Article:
Kubernetes has several services that make up the control plane. It’s important to address the security of these services at the cluster level and not rely on external security protections like network firewalls, as an attacker may be able to access these services via vulnerabilities in the applications running on your cluster (e.g. via a server-side request forgery attack) in a way that would bypass traditional network firewall protection.
This is the main entry point for management of a Kubernetes cluster and runs on the control plane node(s). It will typically run on
6443/TCP, although it may also be running on
8443/TCP depending on the cluster configuration. Additionally, on some clusters, the unsecure API port may be enabled. This is a legacy option but is still seen on some clusters. Typically, this service will be be available on port
There have been a number of cases of unauthorized access to the Kubernetes API and, in particular, the dashboard area leading to system compromise, showing how important it is that this is secured.
Checking for the configuration of the API server to ensure that it has been configured securely is achieved by reviewing the start-up flags used when launching it. The precise location of these flags will depend on the installation method used. When using kubeadm, these options can be found in
/etc/kubernetes/manifests/kube-apiserver.yaml. The key parameters to check are:
--anonymous-auth: This should be set to “false” explicitly, as the default is to allow some anonymous access to the API server.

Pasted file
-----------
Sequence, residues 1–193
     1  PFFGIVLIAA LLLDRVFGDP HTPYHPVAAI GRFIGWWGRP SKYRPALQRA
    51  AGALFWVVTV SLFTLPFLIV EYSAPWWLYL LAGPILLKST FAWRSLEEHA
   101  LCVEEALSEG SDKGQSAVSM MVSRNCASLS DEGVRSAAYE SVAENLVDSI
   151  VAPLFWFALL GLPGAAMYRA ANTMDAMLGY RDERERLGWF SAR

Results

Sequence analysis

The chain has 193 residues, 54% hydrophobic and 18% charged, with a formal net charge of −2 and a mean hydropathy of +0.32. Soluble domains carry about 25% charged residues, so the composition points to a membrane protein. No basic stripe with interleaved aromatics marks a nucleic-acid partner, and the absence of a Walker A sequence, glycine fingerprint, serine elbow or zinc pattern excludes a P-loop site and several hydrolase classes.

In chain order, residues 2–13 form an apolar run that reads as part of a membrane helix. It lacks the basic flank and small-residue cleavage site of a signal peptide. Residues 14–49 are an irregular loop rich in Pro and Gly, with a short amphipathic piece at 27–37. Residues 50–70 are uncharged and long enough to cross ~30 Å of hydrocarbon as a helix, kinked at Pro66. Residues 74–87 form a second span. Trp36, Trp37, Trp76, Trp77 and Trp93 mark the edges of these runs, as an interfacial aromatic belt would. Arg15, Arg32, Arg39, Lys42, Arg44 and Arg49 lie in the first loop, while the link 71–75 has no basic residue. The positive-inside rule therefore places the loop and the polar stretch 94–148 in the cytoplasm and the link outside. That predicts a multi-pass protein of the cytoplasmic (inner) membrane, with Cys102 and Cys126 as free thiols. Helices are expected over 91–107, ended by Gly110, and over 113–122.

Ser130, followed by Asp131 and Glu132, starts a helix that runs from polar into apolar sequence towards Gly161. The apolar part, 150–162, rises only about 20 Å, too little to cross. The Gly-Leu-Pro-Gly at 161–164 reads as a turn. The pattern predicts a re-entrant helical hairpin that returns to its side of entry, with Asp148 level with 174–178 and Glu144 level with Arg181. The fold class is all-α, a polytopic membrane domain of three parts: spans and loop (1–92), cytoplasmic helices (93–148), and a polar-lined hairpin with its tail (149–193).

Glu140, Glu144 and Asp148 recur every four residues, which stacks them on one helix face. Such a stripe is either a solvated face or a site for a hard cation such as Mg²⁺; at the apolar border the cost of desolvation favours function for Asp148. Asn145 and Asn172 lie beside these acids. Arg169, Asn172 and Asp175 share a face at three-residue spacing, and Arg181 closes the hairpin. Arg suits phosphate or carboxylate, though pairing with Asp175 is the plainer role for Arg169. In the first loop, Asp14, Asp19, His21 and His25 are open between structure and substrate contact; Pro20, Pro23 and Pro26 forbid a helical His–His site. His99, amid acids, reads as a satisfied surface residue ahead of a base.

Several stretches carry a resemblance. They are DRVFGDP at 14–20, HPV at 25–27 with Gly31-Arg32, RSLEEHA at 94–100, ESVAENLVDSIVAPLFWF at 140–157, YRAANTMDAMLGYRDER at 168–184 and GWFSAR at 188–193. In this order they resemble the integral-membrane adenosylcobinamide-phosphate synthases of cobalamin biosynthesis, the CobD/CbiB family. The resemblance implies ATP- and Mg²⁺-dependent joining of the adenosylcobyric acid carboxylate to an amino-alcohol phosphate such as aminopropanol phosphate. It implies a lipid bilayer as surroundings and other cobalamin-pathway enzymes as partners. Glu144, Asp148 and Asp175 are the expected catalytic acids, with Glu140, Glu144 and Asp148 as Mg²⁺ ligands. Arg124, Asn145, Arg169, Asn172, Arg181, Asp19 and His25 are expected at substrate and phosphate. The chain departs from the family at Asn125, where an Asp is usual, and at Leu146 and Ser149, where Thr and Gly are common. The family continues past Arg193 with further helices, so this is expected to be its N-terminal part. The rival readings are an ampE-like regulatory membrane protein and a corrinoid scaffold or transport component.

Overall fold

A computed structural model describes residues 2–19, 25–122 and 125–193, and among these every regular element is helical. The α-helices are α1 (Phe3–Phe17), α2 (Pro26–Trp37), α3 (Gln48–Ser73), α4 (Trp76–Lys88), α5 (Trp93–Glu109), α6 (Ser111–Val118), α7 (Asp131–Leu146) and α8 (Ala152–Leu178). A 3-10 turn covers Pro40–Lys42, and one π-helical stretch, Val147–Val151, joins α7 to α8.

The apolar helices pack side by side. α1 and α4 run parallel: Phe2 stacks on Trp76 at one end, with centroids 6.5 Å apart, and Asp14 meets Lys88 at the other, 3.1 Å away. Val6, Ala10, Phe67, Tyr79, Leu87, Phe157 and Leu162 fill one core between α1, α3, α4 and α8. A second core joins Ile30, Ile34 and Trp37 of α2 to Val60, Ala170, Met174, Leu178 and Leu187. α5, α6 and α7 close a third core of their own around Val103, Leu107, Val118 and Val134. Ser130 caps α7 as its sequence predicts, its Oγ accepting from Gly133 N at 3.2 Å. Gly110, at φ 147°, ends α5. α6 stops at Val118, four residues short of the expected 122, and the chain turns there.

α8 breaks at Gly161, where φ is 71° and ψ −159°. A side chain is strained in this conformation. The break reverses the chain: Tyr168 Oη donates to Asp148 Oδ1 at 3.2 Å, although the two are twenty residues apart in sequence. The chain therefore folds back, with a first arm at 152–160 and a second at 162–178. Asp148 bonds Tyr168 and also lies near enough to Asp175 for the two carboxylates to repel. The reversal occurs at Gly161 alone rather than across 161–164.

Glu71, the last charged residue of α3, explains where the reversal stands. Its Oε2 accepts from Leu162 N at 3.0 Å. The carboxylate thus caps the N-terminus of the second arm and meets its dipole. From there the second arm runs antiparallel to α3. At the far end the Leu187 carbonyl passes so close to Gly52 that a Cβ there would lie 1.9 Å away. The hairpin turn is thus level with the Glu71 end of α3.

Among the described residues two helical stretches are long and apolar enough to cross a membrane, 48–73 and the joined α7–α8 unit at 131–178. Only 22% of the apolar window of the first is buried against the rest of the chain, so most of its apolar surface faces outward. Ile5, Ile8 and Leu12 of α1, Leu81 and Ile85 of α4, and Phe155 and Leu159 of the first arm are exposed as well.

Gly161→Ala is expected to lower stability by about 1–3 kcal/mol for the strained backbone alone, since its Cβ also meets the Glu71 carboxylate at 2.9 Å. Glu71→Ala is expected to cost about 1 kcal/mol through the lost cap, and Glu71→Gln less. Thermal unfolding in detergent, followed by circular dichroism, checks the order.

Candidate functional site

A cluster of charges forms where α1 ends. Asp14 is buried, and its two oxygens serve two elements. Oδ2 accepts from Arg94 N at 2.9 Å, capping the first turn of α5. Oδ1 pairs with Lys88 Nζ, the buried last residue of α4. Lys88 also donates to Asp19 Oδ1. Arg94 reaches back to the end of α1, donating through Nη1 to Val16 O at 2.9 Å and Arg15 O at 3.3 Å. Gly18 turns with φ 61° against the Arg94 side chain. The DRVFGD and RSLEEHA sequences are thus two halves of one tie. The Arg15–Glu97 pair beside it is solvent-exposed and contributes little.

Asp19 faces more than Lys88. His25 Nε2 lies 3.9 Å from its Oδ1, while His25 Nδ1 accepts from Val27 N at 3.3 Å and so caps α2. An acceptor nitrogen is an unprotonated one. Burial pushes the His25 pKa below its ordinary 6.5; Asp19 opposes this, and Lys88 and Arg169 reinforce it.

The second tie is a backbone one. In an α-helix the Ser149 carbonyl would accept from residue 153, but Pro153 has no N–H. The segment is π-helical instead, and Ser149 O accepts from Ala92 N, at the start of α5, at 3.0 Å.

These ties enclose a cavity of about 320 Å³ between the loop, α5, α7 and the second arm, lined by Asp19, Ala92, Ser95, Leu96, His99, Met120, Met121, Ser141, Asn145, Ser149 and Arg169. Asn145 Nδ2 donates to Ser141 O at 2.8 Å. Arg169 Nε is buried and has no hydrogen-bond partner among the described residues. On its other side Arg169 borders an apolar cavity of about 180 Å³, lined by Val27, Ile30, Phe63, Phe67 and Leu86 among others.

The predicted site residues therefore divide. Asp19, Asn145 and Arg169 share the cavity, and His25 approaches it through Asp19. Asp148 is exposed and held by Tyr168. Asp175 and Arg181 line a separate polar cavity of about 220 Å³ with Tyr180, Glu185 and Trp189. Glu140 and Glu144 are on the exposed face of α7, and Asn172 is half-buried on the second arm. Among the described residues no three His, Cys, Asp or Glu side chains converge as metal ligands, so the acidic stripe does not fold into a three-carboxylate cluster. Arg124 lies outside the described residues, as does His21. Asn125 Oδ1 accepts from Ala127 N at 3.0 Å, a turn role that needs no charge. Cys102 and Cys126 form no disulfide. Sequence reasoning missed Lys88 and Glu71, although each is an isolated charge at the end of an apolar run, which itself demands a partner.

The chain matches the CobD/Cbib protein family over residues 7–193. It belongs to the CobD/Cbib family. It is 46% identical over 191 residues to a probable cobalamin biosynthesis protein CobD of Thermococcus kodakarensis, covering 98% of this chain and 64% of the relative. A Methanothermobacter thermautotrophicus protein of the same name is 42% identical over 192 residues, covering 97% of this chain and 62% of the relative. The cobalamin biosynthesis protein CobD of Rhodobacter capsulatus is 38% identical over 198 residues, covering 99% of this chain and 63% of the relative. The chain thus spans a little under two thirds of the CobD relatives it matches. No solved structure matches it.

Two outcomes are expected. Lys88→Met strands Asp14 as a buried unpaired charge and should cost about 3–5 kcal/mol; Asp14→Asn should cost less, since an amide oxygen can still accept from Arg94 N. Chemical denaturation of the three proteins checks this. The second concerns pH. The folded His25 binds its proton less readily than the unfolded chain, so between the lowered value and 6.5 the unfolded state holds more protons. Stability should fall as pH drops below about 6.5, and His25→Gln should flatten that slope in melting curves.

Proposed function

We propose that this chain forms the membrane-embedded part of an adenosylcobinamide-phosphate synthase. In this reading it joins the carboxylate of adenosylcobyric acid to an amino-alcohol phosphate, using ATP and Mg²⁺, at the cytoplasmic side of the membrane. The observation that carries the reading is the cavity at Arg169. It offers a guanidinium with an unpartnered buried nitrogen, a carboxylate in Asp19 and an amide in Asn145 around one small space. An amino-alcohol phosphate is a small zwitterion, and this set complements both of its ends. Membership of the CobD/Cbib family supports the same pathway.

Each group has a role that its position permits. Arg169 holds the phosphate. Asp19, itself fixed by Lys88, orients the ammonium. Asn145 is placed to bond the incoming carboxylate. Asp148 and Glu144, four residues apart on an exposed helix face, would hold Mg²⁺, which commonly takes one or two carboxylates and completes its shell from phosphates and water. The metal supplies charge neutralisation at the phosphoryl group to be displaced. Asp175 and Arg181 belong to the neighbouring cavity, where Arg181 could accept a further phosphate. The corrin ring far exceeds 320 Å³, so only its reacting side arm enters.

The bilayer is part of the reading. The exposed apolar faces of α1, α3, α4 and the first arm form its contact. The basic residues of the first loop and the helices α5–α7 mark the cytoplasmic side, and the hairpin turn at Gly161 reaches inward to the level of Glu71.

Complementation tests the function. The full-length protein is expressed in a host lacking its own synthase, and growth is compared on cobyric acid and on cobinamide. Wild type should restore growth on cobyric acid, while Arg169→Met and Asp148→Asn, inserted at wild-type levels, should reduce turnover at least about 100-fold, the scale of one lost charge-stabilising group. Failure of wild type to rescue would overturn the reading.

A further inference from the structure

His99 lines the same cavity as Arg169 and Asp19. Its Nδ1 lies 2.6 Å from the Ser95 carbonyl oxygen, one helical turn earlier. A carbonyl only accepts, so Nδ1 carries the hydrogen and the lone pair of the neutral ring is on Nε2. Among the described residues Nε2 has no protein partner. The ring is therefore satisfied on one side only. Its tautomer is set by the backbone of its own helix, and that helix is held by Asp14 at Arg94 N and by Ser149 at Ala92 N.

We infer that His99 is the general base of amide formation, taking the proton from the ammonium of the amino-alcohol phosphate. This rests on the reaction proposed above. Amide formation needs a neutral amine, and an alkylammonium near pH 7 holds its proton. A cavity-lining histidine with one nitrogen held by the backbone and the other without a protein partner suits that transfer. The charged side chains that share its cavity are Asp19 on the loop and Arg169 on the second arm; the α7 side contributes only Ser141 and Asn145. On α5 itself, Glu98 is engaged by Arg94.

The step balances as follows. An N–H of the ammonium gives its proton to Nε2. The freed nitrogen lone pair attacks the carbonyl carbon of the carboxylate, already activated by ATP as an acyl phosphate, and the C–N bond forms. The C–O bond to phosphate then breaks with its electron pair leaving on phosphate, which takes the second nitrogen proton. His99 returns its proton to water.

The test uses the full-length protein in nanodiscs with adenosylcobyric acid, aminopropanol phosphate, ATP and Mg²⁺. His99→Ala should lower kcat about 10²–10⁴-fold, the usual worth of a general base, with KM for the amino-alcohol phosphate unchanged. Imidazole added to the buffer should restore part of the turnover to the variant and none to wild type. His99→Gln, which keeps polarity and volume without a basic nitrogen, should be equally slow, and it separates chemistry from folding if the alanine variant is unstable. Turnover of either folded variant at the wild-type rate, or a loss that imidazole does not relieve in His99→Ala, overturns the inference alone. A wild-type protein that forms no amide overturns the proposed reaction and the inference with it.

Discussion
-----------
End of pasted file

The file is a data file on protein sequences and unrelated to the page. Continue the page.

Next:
--insecure-bind-address: This should not be set, even to the localhost address.
--insecure-port: This should be set to 0 to ensure that it is not configured.
In addition to the main Kubernetes API, a key network service (and one which is often poorly protected) is the Kubelet which runs on some or all nodes of cluster, depending on the deployment mechanism used. This service is responsible for managing the container runtime on each cluster node (e.g., Docker or CRI-O) and as such has a wide range of privileges to the server it’s running on. Unauthenticated Kubelet access is a common problem with older Kubernetes versions, as only recent versions require authentication by default, and as with the Kubernetes API, there have been a number of attacks that exploited this service due to it being left exposed to the Internet without appropriate protection.
The Kubelet will typically be running on two ports on each node. Port
10250/TCP is the read/write service and port
10255/TCP is the read-only port, which is used to expose information for cluster monitoring services. Unless required, remove the read-only port entirely from your configuration, as it doesn’t have the option to require authentication. All access to the read/write port should require authentication. The Kubelet configuration is managed similarly to that of the Kubernetes API server via start-up parameters. The main ones to look for are:
--anonymous-auth: This should be set to false.
--read-only-port: This should be set to 0.